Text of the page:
Bios

Sunghwan Kim

Sunghwan Kim is a Staff Scientist at the National Center for Biotechnology Information (NCBI), National Library of Medicine (NLM), National Institutes of Health (NIH).  As a computational chemist and cheminformatician, he is actively involved in the PubChem project, which develops and maintains a small-molecule database called PubChem.  Specifically, his research has been focused on building and improving “PubChem3D”, which is PubChem’s chemical information resource derived from 3-dimensional (3-D) molecular structures.  He holds a M.Sc. in Inorganic Chemistry (from Hanyang University, South Korea) and a Ph.D. in Physical Chemistry (from the University of Georgia at Athens).

Nathan Brown

Nathan BrownNathan Brown is the Head of the in silico Medicinal Chemistry group in the Cancer Therapeutics Unit at The Institute of Cancer Research in London (UK). At the ICR, Nathan and his group support our entire drug discovery portfolio together with developing new computational methodologies to enhance our drug design work. Nathan conducted his doctoral research in Sheffield with Professor Peter Willett focusing on evolutionary algorithms and graph theory. After a two–year Marie Curie fellowship in Amsterdam in collaboration with Professor Johann Gasteiger in Erlangen, he joined the Novartis Institutes for BioMedical Research in Basel for a three–year Presidential fellowship in Basel working with Professors Peter Willett and Karl–Heinz Altmann. Nathan's work has led to the pioneering work on mulitobjective de novo design in addition to a variety of discoveries and method development in bioisosteric identification and replacement, scaffold hopping, molecular descriptors and statistical modelling. Nathan continues to pursue his research in all aspects of in silico medicinal chemistry. Nathan recent published the first book on bioisosteres, entitled Bioisosteres in Medicinal Chemistry.

Leah McEwen

Leah McEwen is the Programmatic Coordinator for the Edna McConnell Clark Physical Sciences eLibrary and the Chemistry Librarian at Cornell University.  Her background is in biochemistry and library science and she is responsible for library resources and specialized services supporting chemistry in all fields and science and technology studies at Cornell.  She has contributed to and served in advisory capacity for a number of information resources including the ACS Style Guide, the ACS CPT Guidelines for Bachelor’s Degree Programs, Cornell’s VIVO, and CAS’ SciFinder.  She is an active member of the Chemical Information Division of the American Chemical Society, most recently as Secretary as well as Program Chair, addressing a wide range of topical interests from open access to advanced training and education to intellectual property and licensing to data- and text-mining.  She is also a member of the ACS Joint Board-Council Committee on Publications, the adjoining Subcommittee on Copyright and the Chemical & Engineering News Editorial Board.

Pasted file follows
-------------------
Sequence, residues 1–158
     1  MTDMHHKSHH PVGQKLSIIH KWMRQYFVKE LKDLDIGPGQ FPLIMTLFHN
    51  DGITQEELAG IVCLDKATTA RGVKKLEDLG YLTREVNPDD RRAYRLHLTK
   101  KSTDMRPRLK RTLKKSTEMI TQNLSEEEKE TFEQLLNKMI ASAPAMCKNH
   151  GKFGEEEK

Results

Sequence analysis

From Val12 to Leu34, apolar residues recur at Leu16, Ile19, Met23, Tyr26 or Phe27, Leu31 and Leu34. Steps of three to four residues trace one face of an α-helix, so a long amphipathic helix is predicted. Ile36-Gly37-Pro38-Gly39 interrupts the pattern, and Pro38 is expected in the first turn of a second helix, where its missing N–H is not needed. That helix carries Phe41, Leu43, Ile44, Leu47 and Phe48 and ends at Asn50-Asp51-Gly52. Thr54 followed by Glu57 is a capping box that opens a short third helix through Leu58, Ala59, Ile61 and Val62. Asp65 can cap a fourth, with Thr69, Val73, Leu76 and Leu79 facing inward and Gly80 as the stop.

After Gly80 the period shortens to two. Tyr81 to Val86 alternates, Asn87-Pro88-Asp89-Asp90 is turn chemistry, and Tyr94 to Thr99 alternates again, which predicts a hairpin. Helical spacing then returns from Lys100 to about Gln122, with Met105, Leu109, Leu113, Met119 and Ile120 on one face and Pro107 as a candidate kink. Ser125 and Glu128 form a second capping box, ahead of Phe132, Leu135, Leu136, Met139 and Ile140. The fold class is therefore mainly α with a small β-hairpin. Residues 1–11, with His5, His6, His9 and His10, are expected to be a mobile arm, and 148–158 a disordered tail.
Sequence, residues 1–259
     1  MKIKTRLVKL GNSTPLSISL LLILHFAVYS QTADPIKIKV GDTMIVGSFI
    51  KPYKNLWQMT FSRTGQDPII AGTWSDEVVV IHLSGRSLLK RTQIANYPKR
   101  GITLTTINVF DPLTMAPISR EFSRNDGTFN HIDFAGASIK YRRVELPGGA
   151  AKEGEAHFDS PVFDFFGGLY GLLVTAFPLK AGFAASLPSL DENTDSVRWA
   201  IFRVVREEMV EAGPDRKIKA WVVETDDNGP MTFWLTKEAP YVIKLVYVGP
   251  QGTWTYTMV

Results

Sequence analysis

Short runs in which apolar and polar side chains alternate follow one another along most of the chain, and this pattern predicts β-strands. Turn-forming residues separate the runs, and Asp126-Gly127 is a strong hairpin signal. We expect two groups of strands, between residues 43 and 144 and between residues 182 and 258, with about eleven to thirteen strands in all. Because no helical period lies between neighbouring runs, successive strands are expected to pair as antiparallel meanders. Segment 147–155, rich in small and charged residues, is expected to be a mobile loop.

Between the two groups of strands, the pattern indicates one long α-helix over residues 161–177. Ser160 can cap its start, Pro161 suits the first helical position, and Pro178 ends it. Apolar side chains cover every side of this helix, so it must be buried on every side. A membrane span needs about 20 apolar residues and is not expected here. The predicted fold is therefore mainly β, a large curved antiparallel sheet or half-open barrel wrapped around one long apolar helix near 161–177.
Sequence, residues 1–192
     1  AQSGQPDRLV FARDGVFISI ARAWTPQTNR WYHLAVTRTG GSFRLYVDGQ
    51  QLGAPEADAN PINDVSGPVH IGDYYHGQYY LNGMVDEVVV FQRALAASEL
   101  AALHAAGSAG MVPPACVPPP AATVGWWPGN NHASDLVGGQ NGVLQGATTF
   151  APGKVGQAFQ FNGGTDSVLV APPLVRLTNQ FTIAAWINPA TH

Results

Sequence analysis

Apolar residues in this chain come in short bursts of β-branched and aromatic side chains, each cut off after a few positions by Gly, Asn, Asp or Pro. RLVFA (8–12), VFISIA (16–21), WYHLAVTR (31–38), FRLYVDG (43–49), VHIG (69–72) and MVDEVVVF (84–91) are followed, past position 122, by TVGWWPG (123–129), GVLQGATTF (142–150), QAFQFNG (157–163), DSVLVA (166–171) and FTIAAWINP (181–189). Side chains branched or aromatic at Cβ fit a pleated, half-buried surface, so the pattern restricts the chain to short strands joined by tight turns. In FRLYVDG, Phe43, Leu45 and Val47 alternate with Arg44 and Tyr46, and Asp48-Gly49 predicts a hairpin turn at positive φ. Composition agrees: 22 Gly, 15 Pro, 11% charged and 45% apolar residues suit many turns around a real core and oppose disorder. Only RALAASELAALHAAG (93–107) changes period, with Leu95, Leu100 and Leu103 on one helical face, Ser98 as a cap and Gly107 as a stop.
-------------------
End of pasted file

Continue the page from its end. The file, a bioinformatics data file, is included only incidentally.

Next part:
Xavier Prat-Resina

I am an Assistant Professor of Chemistry at The University of Minnesota Rochester's “Center for Learning Innovation”. I am interested in figuring out in what ways technology can help learning and it what ways it hinders it. I have authored several web platforms that make use of graphical interfaces to learn chemistry. Models 360 is a collection of several hundreds of molecules, where properties such as structural symmetry, vibrations and electrostatic maps can be displayed with the Jmol applet. More recently, I developed ChemEd X Data as a graphical tool to help students navigate through large amounts of chemical and physical data and build their own knowledge by figuring out on their own trends and exceptions. I am also interested in assessing how much learning or how different the learning is when we move from a face-to-face classroom environment to an interconnected computer environment. This is why I am thrilled to be part of the OLCC project and learning in what ways the new communication technologies can overcome the current barriers of our educational system.

Robert E. Belford

  I am an Associate Professor of Chemistry at the University of Arkansas at Little Rock with a focus on the use of computers in Chemical Education.  I am interested in how digital ICTs (Information and Communication Technologies) are changing the way our society shares and communicates information, and the impact this is having on chemical education and the practice of science.  I currently serve as Chair of the ACS Division of Chemical Education's (CHED) Committee on Computers in Chemical Education (CCCE), and see the Cheminformatics OLCC as an opportunity for the CCCE to contribute to the advancement of science by providing a mechanism for the integration of these new and evolving technologies into the chemistry curriculum.